Northern Ireland's power-sharing executive has agreed a draft budget for next year with the DUP and Sinn Féin combining to vote it through.

The Northern Ireland finance minister Simon Hamilton of the DUP will make a statement to the Northern Assembly on Monday when the draft budget will be published.

Commenting on the agreed budget, Sinn Féin president Gerry Adams said the executive had shown political leadership by facing difficult decisions to agree a budget.

“I hope the same level of leadership can now be shown by all parties in talks to resolve outstanding issues in the political process, including flags, parades and how to deal with the past,” Mr Adams said.

Earlier, Minister for Foreign Affairs Charlie Flanagan and the new US Envoy to Northern Ireland, retired Senator Gary Hart, were in Belfast for discussions about the peace process.

Mr Flanagan met Northern Ireland's First Minister and DUP leader Peter Robinson this morning.

It is the first time the DUP leader agreed to meet a representative of the Government since talks about problems in the peace process began earlier this month.

For the past two weeks the DUP message has been that the Government must realise it has no role in the internal affairs of Northern Ireland.

While the arrival of US envoy Mr Hart has appeared to bring new focus to the talks, several weeks of difficult negotiations on deep-rooted problems lie ahead.

Had the power-sharing executive failed to agree a draft 2015/16 budget before the end of the week, the British government had warned ministers they would forfeit a £100 million emergency loan from the Treasury.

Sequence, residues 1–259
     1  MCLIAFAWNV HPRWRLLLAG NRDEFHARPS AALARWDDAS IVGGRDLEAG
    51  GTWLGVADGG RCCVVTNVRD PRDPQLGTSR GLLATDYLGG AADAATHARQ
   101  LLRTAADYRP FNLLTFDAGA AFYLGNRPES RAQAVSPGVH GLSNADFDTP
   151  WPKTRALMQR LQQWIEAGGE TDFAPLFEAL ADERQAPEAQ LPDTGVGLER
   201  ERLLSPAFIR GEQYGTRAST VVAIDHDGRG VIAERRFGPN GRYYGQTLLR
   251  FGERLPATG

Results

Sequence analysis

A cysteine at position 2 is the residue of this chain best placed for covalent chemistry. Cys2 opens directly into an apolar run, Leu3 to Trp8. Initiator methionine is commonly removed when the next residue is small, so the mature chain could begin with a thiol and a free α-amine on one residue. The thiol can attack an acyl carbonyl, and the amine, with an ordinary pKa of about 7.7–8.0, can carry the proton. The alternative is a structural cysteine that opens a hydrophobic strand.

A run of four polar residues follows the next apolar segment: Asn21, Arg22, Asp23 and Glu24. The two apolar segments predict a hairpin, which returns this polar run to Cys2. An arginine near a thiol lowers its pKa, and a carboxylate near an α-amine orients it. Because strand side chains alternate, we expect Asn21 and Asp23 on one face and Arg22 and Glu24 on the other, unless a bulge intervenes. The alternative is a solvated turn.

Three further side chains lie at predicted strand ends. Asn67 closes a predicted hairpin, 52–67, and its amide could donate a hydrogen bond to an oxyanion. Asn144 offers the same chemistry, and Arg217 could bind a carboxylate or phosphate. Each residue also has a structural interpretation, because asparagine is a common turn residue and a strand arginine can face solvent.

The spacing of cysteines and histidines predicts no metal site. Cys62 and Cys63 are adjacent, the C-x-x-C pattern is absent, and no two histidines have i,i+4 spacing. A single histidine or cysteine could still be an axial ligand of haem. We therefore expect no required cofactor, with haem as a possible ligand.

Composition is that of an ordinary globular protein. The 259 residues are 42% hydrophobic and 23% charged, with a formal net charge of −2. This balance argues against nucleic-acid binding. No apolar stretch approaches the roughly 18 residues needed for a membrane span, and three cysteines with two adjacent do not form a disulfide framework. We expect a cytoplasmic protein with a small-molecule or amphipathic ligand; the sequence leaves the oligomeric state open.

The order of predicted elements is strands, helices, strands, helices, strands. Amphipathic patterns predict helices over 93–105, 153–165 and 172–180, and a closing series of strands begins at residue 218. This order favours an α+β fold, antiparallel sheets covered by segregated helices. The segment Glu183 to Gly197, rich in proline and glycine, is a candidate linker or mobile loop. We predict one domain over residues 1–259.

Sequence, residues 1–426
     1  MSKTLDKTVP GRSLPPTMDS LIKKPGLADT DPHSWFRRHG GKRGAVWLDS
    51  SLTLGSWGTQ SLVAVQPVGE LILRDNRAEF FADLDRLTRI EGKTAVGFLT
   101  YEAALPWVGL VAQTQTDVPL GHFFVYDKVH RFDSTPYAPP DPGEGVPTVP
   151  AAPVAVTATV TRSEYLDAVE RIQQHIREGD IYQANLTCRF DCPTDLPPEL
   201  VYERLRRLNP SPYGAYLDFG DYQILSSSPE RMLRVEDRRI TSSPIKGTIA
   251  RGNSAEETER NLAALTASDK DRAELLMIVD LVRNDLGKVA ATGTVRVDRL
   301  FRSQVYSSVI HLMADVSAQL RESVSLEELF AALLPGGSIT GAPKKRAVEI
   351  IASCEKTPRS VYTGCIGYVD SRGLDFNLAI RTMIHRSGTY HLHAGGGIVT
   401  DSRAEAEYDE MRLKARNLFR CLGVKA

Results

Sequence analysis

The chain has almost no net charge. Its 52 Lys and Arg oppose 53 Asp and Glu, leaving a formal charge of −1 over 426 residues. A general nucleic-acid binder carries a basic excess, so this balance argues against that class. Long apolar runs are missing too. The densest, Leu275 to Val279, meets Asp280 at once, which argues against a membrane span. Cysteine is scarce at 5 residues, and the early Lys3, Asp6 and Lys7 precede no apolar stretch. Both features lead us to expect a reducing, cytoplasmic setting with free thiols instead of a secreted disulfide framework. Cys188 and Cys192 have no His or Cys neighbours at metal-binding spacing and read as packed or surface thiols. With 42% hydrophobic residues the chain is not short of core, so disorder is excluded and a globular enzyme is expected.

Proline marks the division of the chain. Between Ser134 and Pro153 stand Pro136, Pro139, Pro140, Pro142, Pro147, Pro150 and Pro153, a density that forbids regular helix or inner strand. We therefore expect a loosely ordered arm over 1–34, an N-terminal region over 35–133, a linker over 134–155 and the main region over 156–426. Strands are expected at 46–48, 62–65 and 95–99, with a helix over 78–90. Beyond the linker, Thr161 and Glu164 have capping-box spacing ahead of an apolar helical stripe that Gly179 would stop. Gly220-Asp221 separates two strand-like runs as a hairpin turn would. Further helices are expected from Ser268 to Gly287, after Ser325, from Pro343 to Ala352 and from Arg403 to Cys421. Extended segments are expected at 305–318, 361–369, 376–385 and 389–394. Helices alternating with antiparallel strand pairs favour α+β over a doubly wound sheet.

If the loan is not secured, the administration will probably bust its annual spending limit - a move that Northern Ireland Secretary Theresa Villiers has made clear will see civil servants taking over financial decisions next year.

Ministers from the mandatory coalition's five parties are due to discuss proposals circulated by Democratic Unionist Finance Minister Simon Hamilton which envisage hundreds of millions of pounds being removed from certain public services.

Not all departments will lose out under his plan, with the health service in particular poised for fresh investment in front line services.

Mr McGuinness said they had tried, as much as possible, to protect public services.

"The public need to understand where the financial pressures and difficulties are derived from at this time and Peter Robinson and I stand on common ground in regard to this," he added.

"Over the course of the last four years since this coalition was elected in London our block grant has effectively been stripped of resources which has dramatically affected the ability of our departments to deliver public services to our people.

"So, in the course of this negotiation that we have all been involved in, the primary objective is to ensure as little damage as possible to public services and the departments like the Department of Health and Department of Education; Department of Enterprise Trade and Investment and all of the other departments to provide the services that our people deserve."

Chancellor George Osborne set tomorrow's deadline to agree a draft budget for next year as a condition of allowing the Executive access to the £100 million loan from the National Reserve to help ease a £220 million funding crisis in the current financial year.

With the DUP and Sinn Féin holding the majority of seats in the Executive, Mr Hamilton's proposals will only be approved if the republican party back him.